By Pamela Wolf, J.D. OSHA has released its long-awaited final rule to improve protections for workers exposed to respirable silica dust. The standard has not been updated since 1971. Published in the Federal Register on March 25, the final rule is aimed at curbing lung cancer, silicosis, chronic obstructive pulmonary disease, and kidney disease in workers by limiting their exposure to respirable crystalline silica. “While we are disappointed that the silica rule has taken so long to complete, we commend OSHA for its hard work in finalizing this rule while facing extensive industry opposition,” Lisa Gilbert, director of Public Citizen’s Congress Watch division, said in a statement. “This revised standard will be critical in protecting workers from silica dust, a dangerous carcinogen and health hazard.” 20-year rulemaking. The updated standard was nearly 20 years in the making. This current round of rulemaking on the silica standard began in 1997, during the Clinton administration, when OSHA put the item on its regulatory agenda. George W. Bush’s White House declared the proposed silica rule a priority in 2002, but delays continued. Like its predecessors, the Obama administration put silica at the top of its agenda in 2009. The proposed silica rule was submitted to the Office of Management and Budget (OMB) in February 2011. But the proposed rule still stalled. Public Citizen said that corporate lobbyists meeting with OMB officials consistently outnumbered the labor and public health advocates calling for the higher standard. Long-known hazards. The hazards posed by silica dust were identified many decades ago. Current Labor Secretary Thomas Perez observed that more than 80 years ago, Labor Secretary Frances Perkins identified silica dust as a deadly hazard and pressed employers to fully protect workers. “This rule will save lives. It will enable workers to earn a living without sacrificing their health,” Perez said. “It builds upon decades of research and a lengthy stakeholder engagement process—including the consideration of thousands of public comments—to finally give workers the kind of protection they deserve and that Frances Perkins had hoped for them.” Who will be affected? Workers are exposed to crystalline silica dust in general industry, construction, and maritime industries. Among the many industries that could be particularly affected by the final rule are: foundries, industries that have abrasive blasting operations, paint manufacture, glass and concrete product manufacture, brick making, china and pottery manufacture, manufacture of plumbing fixtures, and many construction activities including highway repair, masonry, concrete work, rock drilling, and tuckpointing. According to OSHA, approximately 2.3 million men and women face exposure to respirable crystalline silica in their workplaces, including two million construction workers who drill and cut silica-containing materials such as concrete and stone, and 300,000 workers in operations such as brick manufacturing, foundries and hydraulic fracturing. The health and safety agency said that most employers can limit harmful dust exposure by using equipment that is widely available—generally using water to keep dust from getting into the air or a ventilation system to capture dust where it is created. Worker protection improvements. OSHA pointed to several ways in which the final rule improves worker protections:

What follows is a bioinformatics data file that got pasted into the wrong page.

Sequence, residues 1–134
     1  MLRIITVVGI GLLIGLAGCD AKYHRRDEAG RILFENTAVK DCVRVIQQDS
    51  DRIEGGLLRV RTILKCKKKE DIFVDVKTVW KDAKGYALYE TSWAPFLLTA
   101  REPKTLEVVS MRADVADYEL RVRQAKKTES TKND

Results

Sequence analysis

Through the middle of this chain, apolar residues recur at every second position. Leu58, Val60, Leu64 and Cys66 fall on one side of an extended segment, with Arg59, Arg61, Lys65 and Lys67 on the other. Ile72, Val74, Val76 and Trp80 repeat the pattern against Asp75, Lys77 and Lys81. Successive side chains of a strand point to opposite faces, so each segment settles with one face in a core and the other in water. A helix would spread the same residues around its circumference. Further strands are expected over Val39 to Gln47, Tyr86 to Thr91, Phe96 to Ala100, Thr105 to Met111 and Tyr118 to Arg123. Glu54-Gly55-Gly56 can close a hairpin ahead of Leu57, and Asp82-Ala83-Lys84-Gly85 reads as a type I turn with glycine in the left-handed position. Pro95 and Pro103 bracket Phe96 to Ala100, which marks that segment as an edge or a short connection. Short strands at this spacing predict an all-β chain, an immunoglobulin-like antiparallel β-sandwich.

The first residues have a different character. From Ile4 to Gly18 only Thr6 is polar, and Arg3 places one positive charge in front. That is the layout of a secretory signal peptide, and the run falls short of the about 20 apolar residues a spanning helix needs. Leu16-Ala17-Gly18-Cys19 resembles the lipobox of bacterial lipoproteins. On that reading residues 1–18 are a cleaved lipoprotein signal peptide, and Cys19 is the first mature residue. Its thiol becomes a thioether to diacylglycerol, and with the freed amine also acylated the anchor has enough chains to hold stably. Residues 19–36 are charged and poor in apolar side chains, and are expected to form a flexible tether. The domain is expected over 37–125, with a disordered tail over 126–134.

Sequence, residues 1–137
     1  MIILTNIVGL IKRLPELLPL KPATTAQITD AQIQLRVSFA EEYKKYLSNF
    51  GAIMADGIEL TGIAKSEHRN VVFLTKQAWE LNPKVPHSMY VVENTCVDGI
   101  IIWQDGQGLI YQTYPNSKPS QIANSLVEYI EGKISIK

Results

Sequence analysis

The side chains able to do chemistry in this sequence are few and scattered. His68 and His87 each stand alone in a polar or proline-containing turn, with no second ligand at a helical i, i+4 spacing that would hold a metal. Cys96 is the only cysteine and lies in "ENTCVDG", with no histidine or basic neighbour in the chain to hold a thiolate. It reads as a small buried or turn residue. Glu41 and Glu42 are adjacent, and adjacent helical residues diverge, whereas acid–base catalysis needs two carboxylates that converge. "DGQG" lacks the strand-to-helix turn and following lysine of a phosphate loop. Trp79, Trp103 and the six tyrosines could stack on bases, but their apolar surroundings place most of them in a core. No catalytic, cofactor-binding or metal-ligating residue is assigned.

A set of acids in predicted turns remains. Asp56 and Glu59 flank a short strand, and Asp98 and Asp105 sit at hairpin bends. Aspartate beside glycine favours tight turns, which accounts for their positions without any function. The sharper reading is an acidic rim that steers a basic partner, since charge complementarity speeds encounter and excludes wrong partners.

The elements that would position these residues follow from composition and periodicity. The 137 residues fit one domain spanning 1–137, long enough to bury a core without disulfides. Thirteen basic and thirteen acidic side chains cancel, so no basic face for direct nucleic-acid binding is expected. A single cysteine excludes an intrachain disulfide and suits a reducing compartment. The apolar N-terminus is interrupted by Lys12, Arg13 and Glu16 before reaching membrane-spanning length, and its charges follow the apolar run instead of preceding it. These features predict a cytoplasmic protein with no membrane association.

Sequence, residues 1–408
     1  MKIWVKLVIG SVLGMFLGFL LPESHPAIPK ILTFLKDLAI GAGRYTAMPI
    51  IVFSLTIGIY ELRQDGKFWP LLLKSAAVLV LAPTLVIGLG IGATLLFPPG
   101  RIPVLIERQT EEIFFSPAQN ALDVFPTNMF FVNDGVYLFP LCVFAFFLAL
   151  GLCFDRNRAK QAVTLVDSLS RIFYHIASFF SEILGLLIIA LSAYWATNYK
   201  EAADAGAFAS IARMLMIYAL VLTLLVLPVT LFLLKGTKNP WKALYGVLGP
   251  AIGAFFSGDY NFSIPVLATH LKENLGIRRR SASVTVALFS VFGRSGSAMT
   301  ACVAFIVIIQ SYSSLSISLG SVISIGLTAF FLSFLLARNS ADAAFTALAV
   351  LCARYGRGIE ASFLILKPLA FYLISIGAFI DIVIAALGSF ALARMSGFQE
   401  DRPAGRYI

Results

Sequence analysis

- Reduces the permissible exposure limit for crystalline silica to 50 micrograms per cubic meter of air, averaged over an eight-hour shift.
- Requires employers to use engineering controls (such as water or ventilation) and work practices to limit worker exposure; provide respiratory protection when controls are not able to limit exposures to the permissible level; limit access to high exposure areas; train workers; and provide medical exams to highly exposed workers.
- Provides greater certainty and ease of compliance to construction employers—including many small employers—by including a table of specified controls they can follow to be in compliance, without having to monitor exposures.
- Staggers compliance dates to ensure employers have sufficient time to meet the requirements, e.g., extra time for the hydraulic fracturing (fracking) industry to install new engineering controls, and for all general industry employers to offer medical surveillance to employees exposed between the PEL and 50 micrograms per cubic meter and the action level of 25 micrograms per cubic meter.
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